11/26/2010 3:03PM

Fans get opportunity to say good-bye to Mine That Bird

Barbara D. Livingston
Mine That Bird will appear in the paddock before Sunday's seventh race and in the winner's circle after that race is run.

LOUISVILLE, Ky. – They will scatter like the wind after the fall meet ends Sunday at Churchill Downs, departing for Florida, Louisiana, Arkansas, and elsewhere. The horses, that is. One will even leave Monday morning on a van bound for New Mexico, completing a storybook circle that began a little more than 18 months ago.

Mine That Bird is going home, apparently for good, but not before the fans who turn out here Sunday get to say farewell. His saga is the kind that makes Kentucky Derby lore richer by the year, an almost unbelievable tale of an underdog emerging from nowhere to reach the apex of the sports world.

“He’s been good to us, and we’re honored that Churchill will be having us in Sunday so that the people can say good-bye,” said Leonard Blach, the equine veterinarian who co-owns Mine That Bird with Mark Allen, his Roswell, N.M., neighbor. “We’ll be here for that, then leave out Monday morning.”

Mine That Bird will be led over from the backstretch to the paddock along with the runners for the seventh race. After the race, a winner’s circle ceremony honoring the 4-year-old Mine That Bird will be conducted with the co-owners and former trainer Chip Woolley on hand.

Mine That Bird arrived at Churchill about as unheralded as possible for a Derby starter on April 21, 2009, following a two-day trip from New Mexico. He was 50-1 when he won the 135th Derby by 6 3/4 lengths under Calvin Borel, becoming the second longest priced winner in race history.

Churchill officials said Friday they were unsure whether Borel would be able to participate in the farewell because the three-time Derby-winning jockey is recovering from the multiple jaw fractures he sustained in a Nov. 20 spill at Delta Downs.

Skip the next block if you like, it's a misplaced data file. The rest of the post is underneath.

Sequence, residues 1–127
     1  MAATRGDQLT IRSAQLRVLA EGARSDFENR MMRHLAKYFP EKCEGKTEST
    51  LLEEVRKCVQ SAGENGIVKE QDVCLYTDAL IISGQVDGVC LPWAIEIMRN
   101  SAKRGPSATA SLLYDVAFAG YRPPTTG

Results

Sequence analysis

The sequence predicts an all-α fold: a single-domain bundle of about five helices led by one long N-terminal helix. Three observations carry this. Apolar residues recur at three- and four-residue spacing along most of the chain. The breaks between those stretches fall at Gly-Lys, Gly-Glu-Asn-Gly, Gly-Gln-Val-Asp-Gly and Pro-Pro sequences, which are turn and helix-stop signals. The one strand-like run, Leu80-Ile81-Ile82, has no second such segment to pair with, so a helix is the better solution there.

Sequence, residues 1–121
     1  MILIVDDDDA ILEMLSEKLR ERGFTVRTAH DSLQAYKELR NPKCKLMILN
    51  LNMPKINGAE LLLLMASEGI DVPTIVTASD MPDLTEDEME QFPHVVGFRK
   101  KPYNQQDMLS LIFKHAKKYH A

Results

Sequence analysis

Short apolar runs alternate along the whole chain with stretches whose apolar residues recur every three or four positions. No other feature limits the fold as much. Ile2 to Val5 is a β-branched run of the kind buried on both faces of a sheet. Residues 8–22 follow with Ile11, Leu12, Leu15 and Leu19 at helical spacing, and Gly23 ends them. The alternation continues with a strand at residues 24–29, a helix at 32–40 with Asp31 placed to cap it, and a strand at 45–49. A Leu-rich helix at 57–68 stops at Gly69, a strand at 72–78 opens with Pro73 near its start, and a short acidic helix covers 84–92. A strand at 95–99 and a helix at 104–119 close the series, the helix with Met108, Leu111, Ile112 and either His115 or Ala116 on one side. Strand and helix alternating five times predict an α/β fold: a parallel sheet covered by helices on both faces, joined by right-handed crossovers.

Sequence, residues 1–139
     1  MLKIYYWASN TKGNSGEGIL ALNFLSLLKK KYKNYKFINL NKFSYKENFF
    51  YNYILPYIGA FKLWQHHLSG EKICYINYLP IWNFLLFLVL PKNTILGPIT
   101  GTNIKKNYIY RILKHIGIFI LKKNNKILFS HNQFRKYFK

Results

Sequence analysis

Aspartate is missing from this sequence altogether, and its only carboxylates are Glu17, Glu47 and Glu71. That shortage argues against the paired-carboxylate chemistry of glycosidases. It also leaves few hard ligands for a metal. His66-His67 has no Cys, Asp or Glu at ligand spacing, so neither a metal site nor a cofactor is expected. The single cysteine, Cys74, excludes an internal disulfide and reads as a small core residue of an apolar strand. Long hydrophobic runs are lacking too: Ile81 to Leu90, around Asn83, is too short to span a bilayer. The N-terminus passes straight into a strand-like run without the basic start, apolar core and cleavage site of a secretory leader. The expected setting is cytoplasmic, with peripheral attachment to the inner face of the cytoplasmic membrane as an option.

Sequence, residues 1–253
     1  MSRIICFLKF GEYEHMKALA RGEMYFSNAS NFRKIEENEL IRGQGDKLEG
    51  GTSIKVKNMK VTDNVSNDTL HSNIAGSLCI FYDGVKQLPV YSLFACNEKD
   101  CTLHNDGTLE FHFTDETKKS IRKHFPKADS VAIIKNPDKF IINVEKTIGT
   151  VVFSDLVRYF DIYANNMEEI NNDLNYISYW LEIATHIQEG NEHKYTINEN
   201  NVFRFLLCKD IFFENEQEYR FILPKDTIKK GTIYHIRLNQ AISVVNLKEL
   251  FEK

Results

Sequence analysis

Hot apprentice will ride at Turfway, Aqueduct

While Fair Grounds and Tampa Bay Downs are immediate destinations for quite a few of the jockeys and trainers who have been active at Churchill and Keeneland this fall, quite a few also will stay behind for a few weeks before the starts of Gulfstream Park on Jan. 5 and Oaklawn Park on Jan. 14.

Some of those lingerers will be racing, at least for a while, at Turfway Park in Florence, Ky., where four months of winter action begin Thursday. One of them is Marcelino Pedroza, a 17-year-old apprentice whose performance in recent weeks at Churchill has impressed veteran observers.

Into Friday action, Pedroza had ridden six winners in the previous seven days of racing, giving him a nice dose of momentum heading into the winter. Pedroza plans to ride at Turfway before heading to Aqueduct in New York for the winter, said his agent, Julio Espinoza.

Homeister does well before heading to Tampa

Rosemary Homeister Jr., in her first full meet at a Kentucky track, will be leaving on a good note. Homeister, the second winningest female jockey all-time, won three straight races earlier this week, taking the last two Wednesday and the Thursday opener, before recording her 2,400th career win Thursday aboard Engine Room in the seventh race. Into the final three-day stretch, Homeister was fourth in the jockey standings with 13 wins.

Homeister will be heading to Tampa, where she has ranked among the top riders in recent seasons.

Wise Dan wins; Cash Refund fails

Two returnees from the Breeders’ Cup Sprint met with far different results as odds-on favorites in allowance races over the soupy track here Thursday.

Cash Refund, eighth in the Nov. 6 BC Sprint, had no mishap when fading to fifth as the 4-5 favorite in a five-furlong race, but Wise Dan, sixth in the Sprint, came through with flying colors as the 3-5 choice later in the afternoon.

Wise Dan marked the 23rd winner of the year for trainer Charlie Lopresti, who will end 2010 with career highs in wins and earnings.

Gomez faces possible suspension

The Churchill stewards were scheduled to meet Saturday morning with Garrett Gomez in regard to the disqualification of one of the star jockey’s mounts from a Thursday race.

Gomez was aboard Dad’s Crazy, who finished first in the ninth race but was disqualified to third for interference down the stretch. In some cases, a disqualification will result in a suspension for the rider.

Gomez will be riding this winter in southern California, beginning Sunday at Hollywood Park.

◗ Going into the final three-day stretch, jockey Julien Leparoux, trainer Steve Asmussen, and owners Ken and Sarah Ramsey looked virtually certain of winning fall-meet titles in their respective categories.